by Jerry "Mr. Star Trek" Goldsmith
After making the fatal error of using a TV composer
for Star Trek Generations, Rick Berman reluctantly gave Jerry Goldsmith
the job of scoring the next film. For his third outing into the final
frontier, the versatile composer formulated one of his most moving and
noble themes yet, the First Contact theme. He also brings back the
main theme, the Klingon theme, and the three-note Barrier motif from Star
Trek V. The fact that the film was basically an action movie reflects
in the score, with grating, harsh electronics personifying the Borg (they
also have a new motif.) The composer only had a few weeks to write
a huge score, so he enlisted the help of his son, newbie composer Joel
Goldsmith. His material is represented by three cues, and while not
quite measuring up to Goldsmith Sr.'s precedent, the cues are pretty good.
Joel shows great promise. This GNP Crescendo release has about 45
minutes of Goldsmith's score, hitting the highlights, but omitting the
large 6+ minute climactic track. Two classic rock songs end the disc.
There are a few digital pops in the sound quality, although I usually don't
Track by Track Analysis:
1. Main Title/Locutus (4:17)
A subdued rendition of Alexander Courage's original
series fanfare with a hint of the Barrier motif begins the score.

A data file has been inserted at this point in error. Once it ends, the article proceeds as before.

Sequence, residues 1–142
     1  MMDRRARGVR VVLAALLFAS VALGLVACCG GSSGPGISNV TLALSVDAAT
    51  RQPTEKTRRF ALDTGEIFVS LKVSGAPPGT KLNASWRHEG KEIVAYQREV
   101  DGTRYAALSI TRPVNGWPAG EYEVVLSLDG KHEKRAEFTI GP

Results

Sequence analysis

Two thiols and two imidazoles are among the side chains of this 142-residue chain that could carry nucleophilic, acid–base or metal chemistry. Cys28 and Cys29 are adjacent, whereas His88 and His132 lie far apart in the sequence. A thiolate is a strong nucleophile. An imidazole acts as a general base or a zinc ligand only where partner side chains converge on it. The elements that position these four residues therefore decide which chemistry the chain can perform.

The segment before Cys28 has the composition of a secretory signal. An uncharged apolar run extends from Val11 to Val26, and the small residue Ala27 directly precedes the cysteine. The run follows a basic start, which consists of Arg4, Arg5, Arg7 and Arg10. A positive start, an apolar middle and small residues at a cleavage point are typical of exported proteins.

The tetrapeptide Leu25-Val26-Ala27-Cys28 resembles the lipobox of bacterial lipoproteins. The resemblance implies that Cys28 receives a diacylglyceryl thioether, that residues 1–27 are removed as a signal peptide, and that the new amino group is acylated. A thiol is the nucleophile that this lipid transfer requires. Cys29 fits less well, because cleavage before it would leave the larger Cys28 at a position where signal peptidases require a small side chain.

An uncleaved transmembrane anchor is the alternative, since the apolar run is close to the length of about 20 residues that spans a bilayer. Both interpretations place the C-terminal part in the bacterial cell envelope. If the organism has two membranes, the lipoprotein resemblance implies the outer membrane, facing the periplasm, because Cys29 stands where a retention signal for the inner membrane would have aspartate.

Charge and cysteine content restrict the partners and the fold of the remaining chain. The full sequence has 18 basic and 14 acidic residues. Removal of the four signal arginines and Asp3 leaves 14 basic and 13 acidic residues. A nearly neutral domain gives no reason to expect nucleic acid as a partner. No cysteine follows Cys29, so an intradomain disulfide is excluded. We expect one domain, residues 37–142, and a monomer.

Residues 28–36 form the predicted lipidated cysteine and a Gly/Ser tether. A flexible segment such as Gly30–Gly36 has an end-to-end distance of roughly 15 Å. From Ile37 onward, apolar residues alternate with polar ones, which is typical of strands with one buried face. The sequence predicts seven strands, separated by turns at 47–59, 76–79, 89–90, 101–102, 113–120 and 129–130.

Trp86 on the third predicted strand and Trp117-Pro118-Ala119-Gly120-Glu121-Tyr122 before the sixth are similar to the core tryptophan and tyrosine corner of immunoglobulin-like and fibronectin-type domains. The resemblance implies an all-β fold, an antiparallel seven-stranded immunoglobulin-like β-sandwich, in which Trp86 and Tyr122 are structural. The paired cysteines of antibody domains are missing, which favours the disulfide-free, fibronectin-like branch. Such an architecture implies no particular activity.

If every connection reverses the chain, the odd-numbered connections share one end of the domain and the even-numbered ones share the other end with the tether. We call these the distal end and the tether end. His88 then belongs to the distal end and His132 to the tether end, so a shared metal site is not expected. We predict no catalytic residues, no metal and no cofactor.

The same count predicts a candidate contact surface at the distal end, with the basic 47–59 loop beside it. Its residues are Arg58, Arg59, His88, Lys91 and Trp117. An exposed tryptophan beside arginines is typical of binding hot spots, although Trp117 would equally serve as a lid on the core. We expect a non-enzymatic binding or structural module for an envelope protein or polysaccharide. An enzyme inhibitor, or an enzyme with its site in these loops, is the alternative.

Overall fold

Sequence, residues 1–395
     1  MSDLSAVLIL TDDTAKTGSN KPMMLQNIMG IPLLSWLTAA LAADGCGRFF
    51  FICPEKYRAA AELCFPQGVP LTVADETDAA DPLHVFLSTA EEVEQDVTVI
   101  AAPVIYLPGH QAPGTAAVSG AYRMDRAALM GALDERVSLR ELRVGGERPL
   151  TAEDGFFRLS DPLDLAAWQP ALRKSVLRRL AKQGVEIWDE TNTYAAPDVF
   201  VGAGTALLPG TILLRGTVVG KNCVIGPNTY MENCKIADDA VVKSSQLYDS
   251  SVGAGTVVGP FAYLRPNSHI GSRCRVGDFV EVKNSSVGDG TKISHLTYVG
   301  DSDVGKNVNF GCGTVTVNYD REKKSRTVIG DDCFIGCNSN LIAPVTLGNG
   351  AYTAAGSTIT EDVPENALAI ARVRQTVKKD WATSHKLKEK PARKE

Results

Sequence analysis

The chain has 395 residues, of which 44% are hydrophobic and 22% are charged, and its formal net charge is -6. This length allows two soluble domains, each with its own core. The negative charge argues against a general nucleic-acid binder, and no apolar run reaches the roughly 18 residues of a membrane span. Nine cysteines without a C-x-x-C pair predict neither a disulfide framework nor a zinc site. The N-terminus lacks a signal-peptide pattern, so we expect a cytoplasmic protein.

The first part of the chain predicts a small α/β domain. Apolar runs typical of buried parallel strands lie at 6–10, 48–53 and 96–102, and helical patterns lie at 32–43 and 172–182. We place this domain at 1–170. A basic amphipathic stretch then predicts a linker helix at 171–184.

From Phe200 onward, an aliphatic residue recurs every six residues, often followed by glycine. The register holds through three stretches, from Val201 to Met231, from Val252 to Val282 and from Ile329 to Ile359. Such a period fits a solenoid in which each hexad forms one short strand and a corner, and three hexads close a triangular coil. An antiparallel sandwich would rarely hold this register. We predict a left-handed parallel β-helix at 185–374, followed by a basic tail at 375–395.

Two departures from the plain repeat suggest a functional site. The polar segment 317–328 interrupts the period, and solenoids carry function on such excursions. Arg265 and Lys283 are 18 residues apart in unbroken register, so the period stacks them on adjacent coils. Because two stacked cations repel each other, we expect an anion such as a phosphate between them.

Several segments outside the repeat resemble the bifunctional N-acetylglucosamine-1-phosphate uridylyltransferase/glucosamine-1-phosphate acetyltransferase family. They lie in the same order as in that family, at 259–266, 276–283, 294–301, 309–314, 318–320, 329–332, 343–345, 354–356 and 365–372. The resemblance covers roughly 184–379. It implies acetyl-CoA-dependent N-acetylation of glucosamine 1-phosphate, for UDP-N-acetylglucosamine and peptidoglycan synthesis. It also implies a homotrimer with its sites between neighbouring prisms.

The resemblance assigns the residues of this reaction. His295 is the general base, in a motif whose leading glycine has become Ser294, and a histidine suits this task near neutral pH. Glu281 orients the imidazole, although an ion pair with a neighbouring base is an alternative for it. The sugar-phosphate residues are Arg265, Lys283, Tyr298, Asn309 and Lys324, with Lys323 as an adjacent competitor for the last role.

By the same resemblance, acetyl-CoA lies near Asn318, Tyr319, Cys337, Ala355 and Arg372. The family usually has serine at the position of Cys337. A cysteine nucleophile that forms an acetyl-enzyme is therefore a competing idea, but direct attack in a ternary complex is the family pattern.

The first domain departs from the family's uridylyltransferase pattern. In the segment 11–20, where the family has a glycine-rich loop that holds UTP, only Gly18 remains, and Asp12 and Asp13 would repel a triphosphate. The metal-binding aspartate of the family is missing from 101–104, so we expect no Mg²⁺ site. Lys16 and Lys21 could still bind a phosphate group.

Goldsmith's spectacular theme makes its first appearance, first played
in a delicate French horn solo, extended by the strings, and finally played
in a grand orchestral tutti. This theme is very reminiscent of his
Star Trek Voyager theme, but vastly superior. The tone abruptly changes
with the percussive, savage "Locutus" as Captain Picard has a nightmare.
Various electronic and atonal effects figure prominently into this cue,
and it doesn't utilize any thematic material.
2. Red Alert (2:13)
A brief statement of the First Contact theme
segues into the first breathless statement of Goldsmith's signature main
theme from Star Trek: The Motion Picture. For the short space battle,
the Borg get a menacing trombone motif. Eventually the Klingon theme
makes a welcome appearance for the first time since Trek 5. The action
sequence ends with a fanfare-like statement of the main theme. The
rest of the cue is various tension motifs over a percussion ostinato.
3. Temporal Wake (2:07)
An extension of the previous cue, a repeating
percussion figure with various electronic tones gives way to another, more
subdued version of the Klingon theme. Various tension motives comprise
most of the rest of the track.
4. Welcome Aboard (2:40)
This houses the first statement of the First
Contact theme in the movie (after the opening titles.) I find this
track reminiscent of ST:TMP in some of the sections based on Ilia's theme.
The orchestration here, although still involving French Horn, is slightly
different from the opening title (more tender.) Borg music interrupts,
with the trombone motif from track 2 played on chimes. The rest is
tension building music with electronics.
5. Fully Functional (3:18)
A major action section opens this, dissolving
into statements of the Borg motif on electronics accompanied by chimes.
Exotic string music accompanied by more electronics comes next. More
Borg motif follows, also introducing what I call the "Assimilated Enterprise"
motif, since it figures prominently into "The Dish." The pace quickens